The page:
The above phrase, regularly used and a feature of the colloquial landscape that is modern english, often refers to a bout of over indulgent and often excessive behaviour, invariably fueled by alcohol.
Despite there being little alcohol consumed at the time this idea was born, the phrase seems most apposite in describing the birth of the above creation. For quite a while now, the suggestion that the drawings should perhaps take on a larger scale has been hovering about in the back of my mind but, achieving this jump up in size presented lots of challenges that would need to be overcome. Aside from wondering where in the house one could create a big enough space to do it, the mechanics of transferring a basic layout onto large boards or sheets is something I’ve not yet figured out. I know that simply drawing straight onto large format sheets is tricky, ones perceptions of perspective and proportion are distorted, and being so close to the image as you make it means you can’t “see” all of it, so you have to keep standing back to check on your progress. There are lots of tools out there to help with these issues like projectors and setting up a copying grid, but the fact remains that it’s a daunting undertaking if you’re not practiced at it. I really wanted to see what one would look like blown up, before embarking on a creative exercise of this size.
Fortunately for me, a good friend who runs a small architectural office offered the use of his A0 plotter to run something out as an experiment. I knew that printing out a massive version of one of the finished biro drawings would rapidly consume his stock of black printing cartridges, not a good idea seeing as this was a generous offer already, so elected to use one of the early sketches which is much lighter in tone. The scale for the print was based on the size of the front wheel which would be approximately life size. There was no way it was going to fit on a single piece of paper either, so I split the picture in two with a bit of an overlap so it could be trimmed and glued together afterwards. The sketch was re-scanned at 1200 dpi to avoid any pixelation when blowing it up, resized across two sheets of A0 light weight plotter paper and converted into a pdf file to keep the file size down a bit, we didn’t want to be sat there for hours while the plotter got on with the job.
Back at base the sheets were trimmed on the kitchen table and the two edges stitched together with spray glue, before being pinned to a rough frame made from some scrap lengths of baton found in the shed. Choosing to do this on a really hot day at the start of a very rare heatwave meant the exercise was a little fraught and the subsequent union a little wrinkly, but it looks fine for what I wanted it to achieve. I took a couple of photos for the blog post with one of my crash helmets in the shot and the original sketch to give you an idea of the size of this thing.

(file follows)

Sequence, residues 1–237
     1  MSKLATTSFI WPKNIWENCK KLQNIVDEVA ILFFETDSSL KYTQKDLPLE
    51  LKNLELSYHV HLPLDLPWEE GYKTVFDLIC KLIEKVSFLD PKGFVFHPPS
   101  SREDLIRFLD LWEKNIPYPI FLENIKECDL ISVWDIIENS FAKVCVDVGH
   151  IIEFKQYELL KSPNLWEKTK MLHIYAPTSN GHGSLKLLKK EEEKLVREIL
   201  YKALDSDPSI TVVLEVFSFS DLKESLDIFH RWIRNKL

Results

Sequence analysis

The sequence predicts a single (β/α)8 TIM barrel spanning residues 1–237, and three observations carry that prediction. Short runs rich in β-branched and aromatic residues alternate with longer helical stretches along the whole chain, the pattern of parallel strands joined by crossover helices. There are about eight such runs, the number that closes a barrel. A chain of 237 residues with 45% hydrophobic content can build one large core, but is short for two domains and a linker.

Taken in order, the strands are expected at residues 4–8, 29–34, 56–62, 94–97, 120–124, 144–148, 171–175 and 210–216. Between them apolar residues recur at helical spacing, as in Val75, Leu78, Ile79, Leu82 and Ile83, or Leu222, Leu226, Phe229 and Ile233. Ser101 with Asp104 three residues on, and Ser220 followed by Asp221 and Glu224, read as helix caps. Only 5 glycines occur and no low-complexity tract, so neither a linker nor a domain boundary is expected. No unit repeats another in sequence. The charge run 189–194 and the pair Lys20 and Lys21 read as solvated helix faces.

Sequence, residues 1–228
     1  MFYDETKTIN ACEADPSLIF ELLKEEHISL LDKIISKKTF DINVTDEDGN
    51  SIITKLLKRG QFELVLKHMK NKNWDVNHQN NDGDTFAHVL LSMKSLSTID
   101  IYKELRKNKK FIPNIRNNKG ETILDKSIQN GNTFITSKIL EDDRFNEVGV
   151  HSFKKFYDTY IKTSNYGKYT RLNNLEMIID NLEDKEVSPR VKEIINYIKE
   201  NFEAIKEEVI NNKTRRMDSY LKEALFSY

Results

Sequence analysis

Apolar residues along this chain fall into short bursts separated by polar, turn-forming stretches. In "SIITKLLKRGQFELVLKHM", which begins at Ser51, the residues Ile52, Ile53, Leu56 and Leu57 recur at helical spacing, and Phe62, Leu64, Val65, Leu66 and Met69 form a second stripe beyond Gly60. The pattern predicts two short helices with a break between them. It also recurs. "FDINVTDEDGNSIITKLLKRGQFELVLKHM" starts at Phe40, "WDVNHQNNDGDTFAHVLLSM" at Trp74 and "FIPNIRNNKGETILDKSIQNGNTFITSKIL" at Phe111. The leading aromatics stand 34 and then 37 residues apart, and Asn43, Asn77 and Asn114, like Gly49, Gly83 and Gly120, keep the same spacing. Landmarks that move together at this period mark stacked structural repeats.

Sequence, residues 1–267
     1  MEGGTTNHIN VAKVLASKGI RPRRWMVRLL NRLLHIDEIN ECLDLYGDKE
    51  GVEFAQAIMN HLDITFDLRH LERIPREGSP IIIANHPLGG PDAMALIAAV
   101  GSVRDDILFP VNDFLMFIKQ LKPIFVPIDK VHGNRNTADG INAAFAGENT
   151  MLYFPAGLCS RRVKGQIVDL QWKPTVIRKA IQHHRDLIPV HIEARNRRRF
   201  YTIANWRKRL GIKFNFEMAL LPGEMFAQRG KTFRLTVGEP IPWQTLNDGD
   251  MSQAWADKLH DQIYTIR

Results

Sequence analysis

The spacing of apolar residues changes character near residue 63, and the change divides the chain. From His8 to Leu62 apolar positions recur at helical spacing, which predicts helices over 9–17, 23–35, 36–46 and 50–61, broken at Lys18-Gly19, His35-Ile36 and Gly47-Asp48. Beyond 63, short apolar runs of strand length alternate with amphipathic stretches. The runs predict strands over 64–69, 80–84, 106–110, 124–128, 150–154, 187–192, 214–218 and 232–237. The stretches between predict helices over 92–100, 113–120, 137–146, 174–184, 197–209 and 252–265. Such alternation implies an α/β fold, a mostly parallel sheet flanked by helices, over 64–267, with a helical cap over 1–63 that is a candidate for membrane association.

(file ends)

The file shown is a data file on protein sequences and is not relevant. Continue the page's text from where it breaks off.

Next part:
There are some interesting things that spring to mind when I look at it. The jump in scale really shows up the distortion that occurs in the cartoon process, for example, although the riders body is about right, his head is really quite huge. The original sketch was done in biro onto non acid free lining paper which has a really gritty surface, and the way the line breaks up is very prominent in the blown up version and gives the whole thing a lovely looseness. Take a look at the detail shot to see what I mean.
So the question now is, what am I going to do next? I think it splits into two routes. The first one is to find a printing method, onto paper, canvas or vinyl, which will enable me to get one of the finished drawings done at this size. I can see them making great banners, or even applied to the sides of a vehicle in vinyl, though persuading anyone to take them may be harder than I imagine, but it’s worth thinking about. The second is to start to think seriously about how I would create a drawing at this scale, a journey probably riddled with experimentation with different media and tools which could be a lot of fun. Part of that journey has already started with the idea, hatched at the local coffee shop with my good friend Ben as usual, to investigate making a drawing instrument which creates the quality of line shown in the big print. And that is as exciting as actually doing the drawing itself, so I’ll keep you all posted on my travels in the world of large format printing and whether I can figure out how to construct the worlds biggest biro pen.